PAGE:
7. I wish to ride my bike to work at least one day a week. Small goal, I know, but the introduction of iPads at my school has reduced the amount of work I am taking home each night and subsequently,each morning. Easier to ride my bike with a smaller backpack! As Bike Education is part of Year 4, if I am being a positive role model, I think it will resonate with the students more.

8. I wish to commit to a sport or exercise on a regular basis, in addition to #7! I’m thinking of yoga, Pilates or badminton. I could always fall back into netball maybe, but would like to try something new!

9. I wish to read more. For business and for pleasure. Small goal, but I think one book per term and one book per holidays is achievable. I find that my workload sometimes interferes with my reading time, but 2014 might be different.

10. I wish to be a supportive mentor. I have been assigned a graduate teacher to mentor during 2014. I’m excited to be responsible for helping someone, as I was recently in the same position myself. Hopefully some of what I do will be of use to him!

11. I wish to clear my mind of what other people think. To hold my head high, knowing that I’m doing my best is something I owe myself.

12. I wish to learn about Whole Brain Teaching. My new class has a few students with ADHD, learning difficulties and Aspergers, and I feel that this method of teaching may help me streamline the directions I am giving and may help them better understand tasks.

13. I wish to say no. Often I am asked to organise events, make phone calls, be available for meetings X, Y and Z, which is beyond my teaching load and hours. I’m not opposed to helping others outside of work hours, but as I learned this year, stress and anxiety are serious medical conditions – reducing my workload is one way of combatting this!

14. I wish for regular visits to friends. One of the biggest challenges of living in Mildura is the isolation from friends and family. I’ve never been one to be homesick, however ‘friendsick’ is more common. Visits just mean being organised and financially secure for petrol and airfares. Here’s to changing that in 2014!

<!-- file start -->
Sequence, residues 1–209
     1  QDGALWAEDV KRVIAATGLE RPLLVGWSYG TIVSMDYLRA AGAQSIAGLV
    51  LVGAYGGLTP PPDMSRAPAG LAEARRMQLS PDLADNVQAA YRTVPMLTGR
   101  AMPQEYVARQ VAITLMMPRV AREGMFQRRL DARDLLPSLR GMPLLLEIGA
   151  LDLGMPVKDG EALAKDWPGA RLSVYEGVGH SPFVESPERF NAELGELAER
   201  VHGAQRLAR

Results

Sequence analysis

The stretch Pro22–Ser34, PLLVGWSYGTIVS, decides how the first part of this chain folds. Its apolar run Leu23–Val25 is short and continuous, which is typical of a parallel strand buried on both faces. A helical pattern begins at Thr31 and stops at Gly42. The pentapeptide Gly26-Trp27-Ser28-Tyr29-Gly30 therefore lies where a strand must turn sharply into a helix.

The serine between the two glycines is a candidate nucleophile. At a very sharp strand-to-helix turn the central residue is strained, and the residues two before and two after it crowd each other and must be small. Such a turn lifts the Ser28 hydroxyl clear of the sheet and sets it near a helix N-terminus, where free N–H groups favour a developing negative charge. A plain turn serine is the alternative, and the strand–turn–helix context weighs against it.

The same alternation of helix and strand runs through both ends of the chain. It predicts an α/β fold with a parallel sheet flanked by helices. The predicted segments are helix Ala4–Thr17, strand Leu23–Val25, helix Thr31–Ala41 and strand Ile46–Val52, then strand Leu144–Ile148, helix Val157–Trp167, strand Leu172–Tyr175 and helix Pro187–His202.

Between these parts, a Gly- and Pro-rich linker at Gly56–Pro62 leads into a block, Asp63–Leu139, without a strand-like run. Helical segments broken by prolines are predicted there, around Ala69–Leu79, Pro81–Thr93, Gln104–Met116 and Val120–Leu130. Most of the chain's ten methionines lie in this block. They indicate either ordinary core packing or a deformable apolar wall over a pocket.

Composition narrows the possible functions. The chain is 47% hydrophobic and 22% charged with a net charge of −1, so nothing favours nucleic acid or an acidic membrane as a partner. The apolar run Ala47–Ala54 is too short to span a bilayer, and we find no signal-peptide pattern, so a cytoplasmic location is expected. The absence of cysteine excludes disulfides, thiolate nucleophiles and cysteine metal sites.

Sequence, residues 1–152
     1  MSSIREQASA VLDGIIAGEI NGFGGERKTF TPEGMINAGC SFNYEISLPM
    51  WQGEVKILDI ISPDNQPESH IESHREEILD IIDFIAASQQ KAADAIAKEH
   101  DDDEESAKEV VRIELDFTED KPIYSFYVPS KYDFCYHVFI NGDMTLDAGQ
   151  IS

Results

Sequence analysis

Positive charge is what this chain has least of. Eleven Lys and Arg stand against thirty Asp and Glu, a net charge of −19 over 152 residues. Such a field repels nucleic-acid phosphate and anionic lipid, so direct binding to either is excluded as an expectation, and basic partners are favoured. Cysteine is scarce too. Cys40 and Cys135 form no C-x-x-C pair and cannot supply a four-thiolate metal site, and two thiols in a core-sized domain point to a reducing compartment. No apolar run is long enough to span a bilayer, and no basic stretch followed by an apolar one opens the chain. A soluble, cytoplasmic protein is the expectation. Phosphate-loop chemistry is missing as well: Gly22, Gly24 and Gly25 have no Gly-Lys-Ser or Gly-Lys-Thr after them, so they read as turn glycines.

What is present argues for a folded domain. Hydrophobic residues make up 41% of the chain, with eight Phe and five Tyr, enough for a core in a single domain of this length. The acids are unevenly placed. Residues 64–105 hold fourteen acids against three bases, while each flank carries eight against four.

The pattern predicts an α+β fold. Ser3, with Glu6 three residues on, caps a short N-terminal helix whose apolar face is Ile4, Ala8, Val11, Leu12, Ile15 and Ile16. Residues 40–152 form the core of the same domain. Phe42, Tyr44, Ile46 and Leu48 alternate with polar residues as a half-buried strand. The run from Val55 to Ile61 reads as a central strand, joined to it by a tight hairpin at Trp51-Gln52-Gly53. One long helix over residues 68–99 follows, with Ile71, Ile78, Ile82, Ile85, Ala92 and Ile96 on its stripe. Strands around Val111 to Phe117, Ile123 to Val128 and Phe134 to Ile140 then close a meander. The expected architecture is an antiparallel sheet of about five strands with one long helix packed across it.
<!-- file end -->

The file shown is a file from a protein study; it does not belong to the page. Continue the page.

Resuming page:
Posted in Routines

Another year over…

This weeks post was inspired by @stephyadan and her contributions to the Twitter chat #pstchat (PreServiceTeachers).

Part of the chat on Monday night involved an analysis of how teachers spend their hard-earned holidays. Personally, I would love to use the entire school break for rest and relaxation. Mentally, I cannot afford to, because I need to feel adequately prepared for the first few days of the term.
As the summer holidays are just around the corner, I have begun my preparation for my 2014 school year already. I actually have a folder on my computer labelled ‘Classroom setup’, which is my go-to guide for the beginning of any new year. It contains documents like:
  • labels for cupboards to document what is in each one
  • a variety of birthday charts
  • dividers to organise my binders
  • permission notes for my class blog
  • bulletin board signs
  • book cover templates
  • parent surveys/communication forms
  • classroom/door displays
  • a letter for my new class
  • classroom handbook for parents
All the ‘pretty’ things like the birthday charts, displays and posters are probably not what some teachers would deem as necessities for the first week. I only put a few up before the students start to emphasise a welcoming and safe environment, as my first week at school is dedicated to getting students to produce pieces of work to display in the classroom to give them a sense of ownership and importance.
Two of my most treasured resources for the beginning of a new school year are my letter to my new class and my classroom handbook for parents. The letter to my new class is a requirement from my school, to begin that teacher-student relationship before the new school year begins . (We do have a transition day where students meet their new teacher at the end of the year, but this letter is sent out during the holidays). It is a way of my students getting to know a little bit more about me, on a personal level. I have found that students LOVE finding out personal details about their teacher – seeing their car in the car park, knowing their siblings names, etc.  For those of you who think this could be something you might like to implement, see below.
Letter to students 2014 (PDF)
The classroom handbook for parents is a way for me to communicate the little routines and habits that I expect or prefer in my classroom. This is really personalised for every teacher and I found that even though my co-teacher and I taught the same content, little details about the running of our classrooms were different. Most parents will read it, some will not (can’t win them all!)
Parent Info Booklet (PDF)
Is this the best way to run my classroom? I don’t know – this is only my third year teaching, with many years still ahead of me. It’s important to focus on what makes me comfortable and what is successful for the students and parents in my care.
What structures do you put in place at the start of the year to ensure your class runs smoothly?